Serves 6 as a complete meal with the pasta option A delicious mix of tangy, spicy and savory ingredients makes Puttanesca sauce (sugo alla puttanesca) a meal-time habit that can be made from your pantry. This popular Italian sauce commonly pairs with pasta but...
No Cell Phone Zones and Digital Dining Etiquette for Healthier Habits
Gaps in my childhood memories are like holes in Swiss cheese, yet recollections of meals evoke a solid sense of belonging and comfort.
Feeling gushy about meals is easy when you nourish yourself, nurture friends and family and take a break from daily busyness to listen, share, laugh, commiserate and connect.
Commensal vs Convivial Eating and Cell Phones
Eating together, or commensality, is common—anyone, even animals can do it, but convivial eating, or fully engaging with someone during a meal is becoming rare.
Conviviality, a conscious social choice, separates dining together from simply eating food.
“The shared meal elevates eating from a mechanical process of fueling our body to a ritual of family and community, from mere animal biology to an act of culture.” Micheal Pollan
Often, at restaurants, I see tables full of diners, heads bent over their glowing laps. They’re being commensal, but where’s the conviviality?
Most adults (82 percent) surveyed by the Pew Research Center, felt cell phone use during social gatherings hurt the atmosphere or conversations of the group.
Yet, despite their concerns, 38 percent felt it was generally okay to use cell phones at restaurants. But family dinners? No.
Don’t set a place for phones since only 12 percent felt they belonged at a family dinner.
Physical and Emotional Health
Multiple studies link commensal family meals with positive benefits ranging from:
- better food choices,
- more moderate portion sizes,
- improved food recall and enjoyment,
- better school outcomes,
- lower risk of obesity, and
- less drugs or alcohol abuse by teenagers.
Studies focusing more on conviviality, link social interaction at meals as one key component in strengthening family ties and teaching children empathy and how to notice and interpret facial, eye and vocal tone cues.
Tech experts and psychiatrists can connect cell phone use to elevated stress levels and changes in how we interact with people IRL (text for In-Real-Life). Children and young adults, in some studies, shared feeling insecure and neglected because of adults dining with devices at family meals.
No Cell Phone Zone
Making a meal a mobile event or inviting the phone to the table can weaken social ties and ruin opportunities to create an environment of comfort and support.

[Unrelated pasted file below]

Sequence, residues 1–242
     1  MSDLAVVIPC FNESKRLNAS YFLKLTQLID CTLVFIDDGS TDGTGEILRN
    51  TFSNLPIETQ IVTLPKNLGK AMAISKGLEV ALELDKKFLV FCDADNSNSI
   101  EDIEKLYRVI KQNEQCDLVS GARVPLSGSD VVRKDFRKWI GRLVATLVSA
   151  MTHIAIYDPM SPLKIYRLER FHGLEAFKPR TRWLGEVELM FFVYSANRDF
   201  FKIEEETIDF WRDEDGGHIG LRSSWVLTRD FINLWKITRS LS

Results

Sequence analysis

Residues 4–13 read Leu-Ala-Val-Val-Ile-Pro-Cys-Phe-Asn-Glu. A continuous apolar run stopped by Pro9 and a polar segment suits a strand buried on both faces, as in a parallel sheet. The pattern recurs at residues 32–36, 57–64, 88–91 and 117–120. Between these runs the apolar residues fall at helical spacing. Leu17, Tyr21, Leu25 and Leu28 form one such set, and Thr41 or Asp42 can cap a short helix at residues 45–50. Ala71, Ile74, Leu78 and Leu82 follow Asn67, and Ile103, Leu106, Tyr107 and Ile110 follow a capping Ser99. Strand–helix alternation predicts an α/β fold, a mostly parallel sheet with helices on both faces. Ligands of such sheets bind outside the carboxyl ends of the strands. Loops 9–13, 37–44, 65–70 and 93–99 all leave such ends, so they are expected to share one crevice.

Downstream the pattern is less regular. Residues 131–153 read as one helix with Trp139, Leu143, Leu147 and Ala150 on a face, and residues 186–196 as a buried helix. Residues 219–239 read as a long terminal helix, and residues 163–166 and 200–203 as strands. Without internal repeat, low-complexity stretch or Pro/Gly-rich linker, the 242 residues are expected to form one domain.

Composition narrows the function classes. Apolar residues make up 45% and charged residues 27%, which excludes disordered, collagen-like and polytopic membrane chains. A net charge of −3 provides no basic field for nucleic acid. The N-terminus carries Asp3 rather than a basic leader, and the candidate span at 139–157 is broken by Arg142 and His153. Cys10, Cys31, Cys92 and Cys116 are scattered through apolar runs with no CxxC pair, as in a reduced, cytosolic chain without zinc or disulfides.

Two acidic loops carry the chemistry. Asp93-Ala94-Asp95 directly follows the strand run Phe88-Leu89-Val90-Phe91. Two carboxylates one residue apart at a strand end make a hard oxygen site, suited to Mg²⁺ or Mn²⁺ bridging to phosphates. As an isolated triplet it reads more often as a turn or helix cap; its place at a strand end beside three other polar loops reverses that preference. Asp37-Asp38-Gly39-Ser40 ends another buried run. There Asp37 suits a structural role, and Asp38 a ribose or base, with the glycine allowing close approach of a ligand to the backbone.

“Your dinner table can be a sanctuary from the outside world, with its angry cries for and against. It can be a place to process the events of the day, the week, the month, the year, and always to celebrate the delicious.” Sam Sifton
Rebecca Wheeler, culinary instructor, food tour guide and mom, treats their family dinners as sacred times since work schedules or events limit the number of sit-down family dinners during the week.
“So, we take that time to light a candle, say what we’re grateful for, and talk and listen to each other.”
Along with her husband, they’ve achieved a no-phone zone (or other electronics) at the table. Their concern was that even picking up or glancing at a phone or device was a distraction and a subtle message that something else was more important than eating together.
As parents, they’ve resisted their own tech temptations at the table, instead modeling their message to teach their kids good habits around technology.
“for this reason there are no exceptions. It’s just easier to have some family rules be black and white.”
Mobile Meal Etiquette for Healthier Dinner Habits
For people who commonly invite their phone to dinner, the idea of a no-phone zone at meals may trigger stress, even nomophobia—elevated anxiety due to “no–more-phone” access. In the case of periodic use of phones at meals, consider adopting some basic phone etiquette to help create healthier and more socially considerate habits.
Examine your motivations and priorities. Is that phone call, text, email, social media post critical or does just feel like it? What’s behind the need or desire to respond? Can it wait until after the meal? Will a crisis evolve if you take break to prioritize people who want to enjoy your company and a meal?
Nuke the Notifications: Don’t tempt yourself. If you decide to devote your attention to socializing with others, turn off your phone or notifications and place it out of sight. Its presence on a table signals to your IRL friends or family members that more virtual distractions are likely.
This year’s National Nutrition Month theme is “Put your best fork forward”. Eating well isn’t just nutrients, but how you think about eating. Consider the month of March a time to adopt new cell phone habits. A no-phone zone or better meal phone habits can pay-off with better health, well-being and relationships. At the very least, your memories of engaging with friends or family over a meal last forever, unlike your latest cell phone.
Geeky Resource List:
Pew Study: Americans Views on Mobile Etiquette
https://www.ncbi.nlm.nih.gov/pmc/articles/PMC3042390/ Mobile phone use and stress, sleep disturbances, and symptoms of depression among young adults – a prospective cohort study
NBC News cellphone and distracted parenting
Scientific American study nomophobia or fear-of-being-without-a-mobile-phone
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French-trained Chef, Registered Dietitian Nutritionist & Food Enjoyment Activist
It's about Making Food First
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